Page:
- The first Navi-based GPU will be priced lower than the Radeon VII
- AMD has not disclosed any performance-related information
- 7nm Rome and Navi chips will help AMD compete against Intel and Nvidia
AMD CEO Dr Lisa Su has confirmed that the company’s first new GPU based on its next-generation ‘Navi’ architecture will be launched in the third quarter of 2019, and that the upcoming Epyc server CPUs based on the ‘Rome’ architecture will hit volume sales in the same period. Both will use a 7nm manufacturing process and be fabricated by TSMC, giving AMD a potential advantage in terms of the performance it can achieve with each chip. The announcements were part of a conference call with media and analysts held after AMD announced its Q1 2019 earnings report.
The company slightly exceeded analysts’ expectations with a declared revenue of $1.27 billion, as against an expected $1.26 billion. Coincidentally, AMD celebrates its 50th anniversary today, with a slew of special edition products and offers for fans.
New chips based on the ‘Navi’ GPU architecture will eventually replace AMD’s current Radeon RX 500 series. As part of the update, Dr Su indicated that the first Navi-based GPUs would not be flagship-class, instead targeting the value segment of the market. It will slot in below the existing Radeon VII GPU, which is not surprising as this flagship GPU was only launched in February this year, after a surprise announcement at CES 2019 in January.
There are no indications yet of individual Navi GPUs’ specifications, performance, or power consumption characteristics. The company has not stated whether or not ray tracing will be a priority for this generation of GPUs, but details should be announced in the runup to the devices’ launch. Rumours have circulated that AMD could be planning a reveal of its 7nm chips on July 7, but there’s also a chance of some news being announced at Su’s upcoming Computex 2019 keynote.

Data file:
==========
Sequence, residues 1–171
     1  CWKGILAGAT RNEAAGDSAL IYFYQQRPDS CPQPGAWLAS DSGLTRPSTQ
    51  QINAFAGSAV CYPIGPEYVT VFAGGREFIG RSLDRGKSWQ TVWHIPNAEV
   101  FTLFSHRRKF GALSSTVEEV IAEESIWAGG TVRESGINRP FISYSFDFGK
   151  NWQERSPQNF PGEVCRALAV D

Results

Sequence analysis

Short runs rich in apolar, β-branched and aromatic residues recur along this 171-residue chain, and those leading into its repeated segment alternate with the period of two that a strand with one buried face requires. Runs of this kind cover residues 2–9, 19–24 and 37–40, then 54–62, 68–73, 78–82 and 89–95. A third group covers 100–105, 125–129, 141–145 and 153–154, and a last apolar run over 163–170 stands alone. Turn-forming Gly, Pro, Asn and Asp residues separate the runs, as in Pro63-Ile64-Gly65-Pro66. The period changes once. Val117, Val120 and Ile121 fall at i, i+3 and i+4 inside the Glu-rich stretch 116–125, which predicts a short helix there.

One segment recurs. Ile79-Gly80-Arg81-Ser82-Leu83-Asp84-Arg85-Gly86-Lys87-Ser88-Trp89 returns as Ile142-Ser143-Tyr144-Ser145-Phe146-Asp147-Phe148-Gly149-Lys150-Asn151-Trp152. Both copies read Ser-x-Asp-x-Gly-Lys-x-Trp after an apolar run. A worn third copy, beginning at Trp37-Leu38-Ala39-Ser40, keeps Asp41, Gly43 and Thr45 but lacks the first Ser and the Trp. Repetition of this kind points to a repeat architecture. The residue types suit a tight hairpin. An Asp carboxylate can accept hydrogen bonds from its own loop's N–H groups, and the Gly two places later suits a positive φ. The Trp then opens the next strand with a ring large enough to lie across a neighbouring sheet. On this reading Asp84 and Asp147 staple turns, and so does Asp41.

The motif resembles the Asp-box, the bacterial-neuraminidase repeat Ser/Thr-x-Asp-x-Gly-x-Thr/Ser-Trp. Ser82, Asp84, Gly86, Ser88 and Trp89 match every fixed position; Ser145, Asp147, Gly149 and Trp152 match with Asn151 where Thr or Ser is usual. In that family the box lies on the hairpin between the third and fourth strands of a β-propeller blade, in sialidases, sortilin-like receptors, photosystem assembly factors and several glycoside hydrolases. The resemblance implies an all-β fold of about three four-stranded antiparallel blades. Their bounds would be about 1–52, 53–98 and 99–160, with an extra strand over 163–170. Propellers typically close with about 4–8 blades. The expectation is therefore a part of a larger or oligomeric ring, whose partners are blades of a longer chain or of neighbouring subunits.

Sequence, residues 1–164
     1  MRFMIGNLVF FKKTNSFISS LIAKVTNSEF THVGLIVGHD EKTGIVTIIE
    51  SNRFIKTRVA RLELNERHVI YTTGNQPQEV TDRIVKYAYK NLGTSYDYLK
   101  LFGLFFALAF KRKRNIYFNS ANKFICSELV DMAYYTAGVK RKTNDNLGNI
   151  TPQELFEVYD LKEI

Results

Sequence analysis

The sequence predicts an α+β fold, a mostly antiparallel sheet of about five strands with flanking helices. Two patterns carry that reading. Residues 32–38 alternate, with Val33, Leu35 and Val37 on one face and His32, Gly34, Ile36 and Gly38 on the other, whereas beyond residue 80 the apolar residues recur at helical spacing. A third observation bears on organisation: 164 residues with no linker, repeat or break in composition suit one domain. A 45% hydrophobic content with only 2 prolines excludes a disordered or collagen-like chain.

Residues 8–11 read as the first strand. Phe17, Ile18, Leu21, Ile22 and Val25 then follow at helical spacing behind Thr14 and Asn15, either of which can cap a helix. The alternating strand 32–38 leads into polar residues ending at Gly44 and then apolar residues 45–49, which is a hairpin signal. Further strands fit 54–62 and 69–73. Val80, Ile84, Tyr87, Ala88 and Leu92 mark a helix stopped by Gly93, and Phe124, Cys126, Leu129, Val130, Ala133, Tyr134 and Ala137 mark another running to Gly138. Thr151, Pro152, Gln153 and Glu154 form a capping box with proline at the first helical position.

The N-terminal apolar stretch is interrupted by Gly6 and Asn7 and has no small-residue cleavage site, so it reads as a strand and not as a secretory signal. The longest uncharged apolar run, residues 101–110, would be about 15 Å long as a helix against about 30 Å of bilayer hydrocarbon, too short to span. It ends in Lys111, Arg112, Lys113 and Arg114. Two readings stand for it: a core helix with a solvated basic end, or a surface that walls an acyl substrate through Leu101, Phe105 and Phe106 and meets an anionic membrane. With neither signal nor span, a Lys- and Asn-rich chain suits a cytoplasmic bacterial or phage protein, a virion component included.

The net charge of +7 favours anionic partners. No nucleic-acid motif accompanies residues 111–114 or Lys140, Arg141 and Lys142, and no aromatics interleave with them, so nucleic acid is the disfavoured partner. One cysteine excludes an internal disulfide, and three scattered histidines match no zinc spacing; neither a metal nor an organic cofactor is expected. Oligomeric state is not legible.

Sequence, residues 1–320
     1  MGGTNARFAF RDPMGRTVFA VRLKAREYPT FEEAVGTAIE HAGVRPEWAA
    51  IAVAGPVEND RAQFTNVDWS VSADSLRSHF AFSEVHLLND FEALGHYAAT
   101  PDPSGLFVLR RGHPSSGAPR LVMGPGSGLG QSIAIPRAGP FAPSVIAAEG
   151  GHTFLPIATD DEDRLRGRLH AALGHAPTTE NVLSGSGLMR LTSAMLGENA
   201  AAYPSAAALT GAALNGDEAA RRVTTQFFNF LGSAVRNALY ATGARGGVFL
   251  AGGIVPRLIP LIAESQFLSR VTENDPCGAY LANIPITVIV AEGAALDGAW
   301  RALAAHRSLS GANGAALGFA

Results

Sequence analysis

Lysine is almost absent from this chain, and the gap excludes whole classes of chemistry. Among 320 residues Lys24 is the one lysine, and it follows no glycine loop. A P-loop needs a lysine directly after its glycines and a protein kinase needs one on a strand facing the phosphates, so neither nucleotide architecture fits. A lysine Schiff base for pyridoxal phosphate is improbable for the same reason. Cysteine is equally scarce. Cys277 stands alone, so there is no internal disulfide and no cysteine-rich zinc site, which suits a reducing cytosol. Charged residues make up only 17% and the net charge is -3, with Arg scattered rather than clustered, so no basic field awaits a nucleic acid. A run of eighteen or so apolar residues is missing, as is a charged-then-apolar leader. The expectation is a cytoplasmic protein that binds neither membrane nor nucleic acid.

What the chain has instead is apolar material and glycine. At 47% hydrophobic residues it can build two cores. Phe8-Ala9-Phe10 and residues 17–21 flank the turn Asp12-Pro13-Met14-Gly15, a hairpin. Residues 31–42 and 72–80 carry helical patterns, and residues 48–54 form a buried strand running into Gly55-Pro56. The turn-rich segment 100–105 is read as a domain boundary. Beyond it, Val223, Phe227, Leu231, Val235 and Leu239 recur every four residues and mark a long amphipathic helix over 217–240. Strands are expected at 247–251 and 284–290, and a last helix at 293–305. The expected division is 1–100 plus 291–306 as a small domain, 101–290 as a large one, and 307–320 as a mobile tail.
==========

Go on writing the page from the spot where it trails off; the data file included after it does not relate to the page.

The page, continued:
AMD’s upcoming Navi-based GPUs will need to compete with Nvidia’s GeForce RTX 20-series of premium models which support ray tracing as well as the lower-end GeForce GTX 16-series. Rival Intel is expected to jump into the discrete GPU market in 2020, after going on a hiring spree and picking up several senior AMD graphics engineers and marketing executives. Navi is also the basis for AMD’s upcoming semi-custom processor and GPU for the next-generation PlayStation console, expected to launch in 2020.
The ‘Rome’ generation of Epyc server CPUs will begin sampling to vendors in small quantities in Q2, and hit volume sales in Q3. It is expected to be very competitive with Intel’s planned Xeon lineup, especially as the move to 7nm will allow for increased density and lower power consumption, which are key selling points for the server market. AMD is hoping to return to a double-digit market share figure for server CPUs by the end of 2019.